About Us

  • History
    • “The entire history of the Winchester Country Club is fraught with evidence that it was founded, and has continued, on the proposition that among the durable satisfactions of life, the chief is human relationships at their best.”

      These words from club president Ralph Bonnell, on the occasion of the club’s 50th anniversary in 1952, continue to resonate today. As Bonnell referenced for members, the land on which the club resides has long brought together people of many walks to share in the blessings of life, nature, and each other.

      In the early 1600s, the present-day towns of Winchester and Arlington belonged to the domain of the Massachuset people and their leader, Nanepashemet. He was so highly regarded that he was often referred to as the “Great Sachem,” indicating his prominence among the people of the eastern woodlands. His name is translated as “New Moon” or “Moon god,” and it is in his memory that the club displays a crescent moon in its seal. However, by 1617, the Massachuset numbers had dwindled due to disease, and in 1619, Nanepashemet was killed by the attacking Tarratine tribe. It then fell on his widow to hold together the remnants of a people who had been decimated by both disease and war and now had to face the arrival of European settlers.

      While, she initially approached these immigrants with caution, with time, she learned that despite their differences, there was ample opportunity for cooperation and friendship. As sachem, she shrewdly forged alliances that would result in the founding of much what is now Greater Boston. However, for the land west of the Mystic Lakes, what was said to be among her favorite and is also the present-day home of Winchester Country Club, she reserved a special gesture. In 1637, she willed 480 acres of this land to the young son of Edward and Margaret Gibbons, noting that her generosity was in recognition of the “many kindnesses” the family had visited upon her and her people. It is in her honor that the club’s seal features a teepee, symbolizing a temporary shelter, as she would seasonally visit the land.

      Upon her death in 1650, the land transferred to the Gibbons, and over time, it fractured into several independent parcels through inheritance and purchase. One of those parcels became the property of the Swan family, who began farming the land in the 1700s. It was the Swans who built the structures that would eventually form the heart of WCC’s clubhouse. According to local history, the family would continue to welcome the descendants of Nanepashemet, who would visit and camp on the land in the summer months. However, by the mid-1800s, the Massachuset had vanished, most dying off and the remainder being assimilated into the culture of the day.

      In 1897, a small group of residents formed the Winchester Golf Club and leased land near Winter Pond in Winchester. However, by 1902, much of the membership was looking for a more accommodating location. On May 5, 1902, the Winchester Country Club was formally incorporated and initiated the purchase of about 60 acres of the old Swan Farm. Over the next dozen years, the club acquired 115 more acres, reassembling a large portion of what Nanepashemet’s widow had first provided as a gift to a young boy.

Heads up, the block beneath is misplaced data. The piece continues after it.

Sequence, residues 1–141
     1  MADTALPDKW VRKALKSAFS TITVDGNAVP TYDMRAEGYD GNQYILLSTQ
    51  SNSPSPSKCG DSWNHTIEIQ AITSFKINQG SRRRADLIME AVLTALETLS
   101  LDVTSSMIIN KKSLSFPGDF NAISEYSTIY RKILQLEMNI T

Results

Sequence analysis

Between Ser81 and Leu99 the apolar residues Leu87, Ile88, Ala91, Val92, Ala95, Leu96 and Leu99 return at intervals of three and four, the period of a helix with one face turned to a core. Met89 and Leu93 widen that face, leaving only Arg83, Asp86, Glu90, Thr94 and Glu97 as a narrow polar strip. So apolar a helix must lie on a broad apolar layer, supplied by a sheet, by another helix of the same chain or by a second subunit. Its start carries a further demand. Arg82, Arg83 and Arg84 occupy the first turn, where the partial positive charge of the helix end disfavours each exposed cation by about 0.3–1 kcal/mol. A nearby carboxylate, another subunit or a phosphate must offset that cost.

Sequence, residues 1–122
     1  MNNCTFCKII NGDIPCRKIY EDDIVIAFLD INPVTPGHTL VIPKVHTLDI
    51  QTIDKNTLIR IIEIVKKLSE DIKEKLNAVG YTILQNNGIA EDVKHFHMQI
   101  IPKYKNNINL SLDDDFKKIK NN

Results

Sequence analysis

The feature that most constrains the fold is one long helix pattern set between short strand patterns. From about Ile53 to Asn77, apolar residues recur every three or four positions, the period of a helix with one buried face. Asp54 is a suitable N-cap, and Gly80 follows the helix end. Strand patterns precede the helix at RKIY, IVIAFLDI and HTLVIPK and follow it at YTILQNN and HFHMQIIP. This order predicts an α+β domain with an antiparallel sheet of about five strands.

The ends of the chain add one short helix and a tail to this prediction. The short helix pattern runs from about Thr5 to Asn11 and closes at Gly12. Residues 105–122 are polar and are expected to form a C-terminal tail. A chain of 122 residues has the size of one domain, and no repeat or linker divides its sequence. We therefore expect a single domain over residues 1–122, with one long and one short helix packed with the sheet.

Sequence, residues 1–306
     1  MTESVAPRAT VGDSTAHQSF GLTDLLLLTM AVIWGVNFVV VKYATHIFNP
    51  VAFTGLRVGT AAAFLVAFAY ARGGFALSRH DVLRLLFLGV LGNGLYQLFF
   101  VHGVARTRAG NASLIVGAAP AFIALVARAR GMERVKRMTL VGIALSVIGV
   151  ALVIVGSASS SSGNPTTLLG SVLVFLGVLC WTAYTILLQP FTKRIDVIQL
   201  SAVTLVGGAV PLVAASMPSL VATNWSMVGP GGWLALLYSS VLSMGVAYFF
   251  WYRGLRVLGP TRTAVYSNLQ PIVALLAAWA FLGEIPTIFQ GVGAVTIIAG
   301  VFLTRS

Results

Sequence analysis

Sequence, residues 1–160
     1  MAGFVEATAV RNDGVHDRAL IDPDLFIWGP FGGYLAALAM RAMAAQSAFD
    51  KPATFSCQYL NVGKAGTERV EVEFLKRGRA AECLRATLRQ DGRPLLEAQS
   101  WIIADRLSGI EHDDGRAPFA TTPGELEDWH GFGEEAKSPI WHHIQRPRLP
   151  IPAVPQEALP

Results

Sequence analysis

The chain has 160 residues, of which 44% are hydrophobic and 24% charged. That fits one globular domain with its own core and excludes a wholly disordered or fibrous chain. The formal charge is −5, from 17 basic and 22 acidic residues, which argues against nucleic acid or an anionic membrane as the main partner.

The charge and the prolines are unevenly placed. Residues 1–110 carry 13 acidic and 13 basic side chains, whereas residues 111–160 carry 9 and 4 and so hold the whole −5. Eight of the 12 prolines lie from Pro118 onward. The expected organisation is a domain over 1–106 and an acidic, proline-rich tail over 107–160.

• Guests
    • Winchester Country Club welcomes the guests of its members and asks for their cooperation in following the club’s rules and dress code.

      No denim clothing of any style is allowed on club property. The lone exception is white denim is permitted for dining during summer months.

      Men and boys are to remove hats or visors before entering any area of the clubhouse, including the pro shop. Women and girls may wear golf hats or visors during lunch in the clubhouse. Hats, when worn, are to have the visor facing forward.

      When using the pool facility, enter and exit via the poolhouse entrance. Bathing attire (including coverups) is not permitted in the main clubhouse. If dining in the adjacent outside areas (terrace, pool bar, lawn), coverups, shirts, etc. and footwear are to be worn.

      Club casual dress is acceptable during all normal dining hours and locations. For holiday events and certain other occasions, club formal (jacket and tie for men and boys) is required.

      Guidelines for club casual dress:

      • Men: collared shirts or mock turtlenecks with golf/dress pants or shorts.

      • Women: collarless shirts are permitted as long as they have sleeves. Golf/dress skirts or shorts should be no shorter than mid-thigh length.

      • T-shirts, workout pants and shorts, etc. are appropriate only in the tennis area, sports center, or swimming pool grounds.


  • Membership
    • Thank you for your interest in membership at Winchester Country Club. Information regarding membership is available only through an active member in good standing of the club. No information is distributed publicly.



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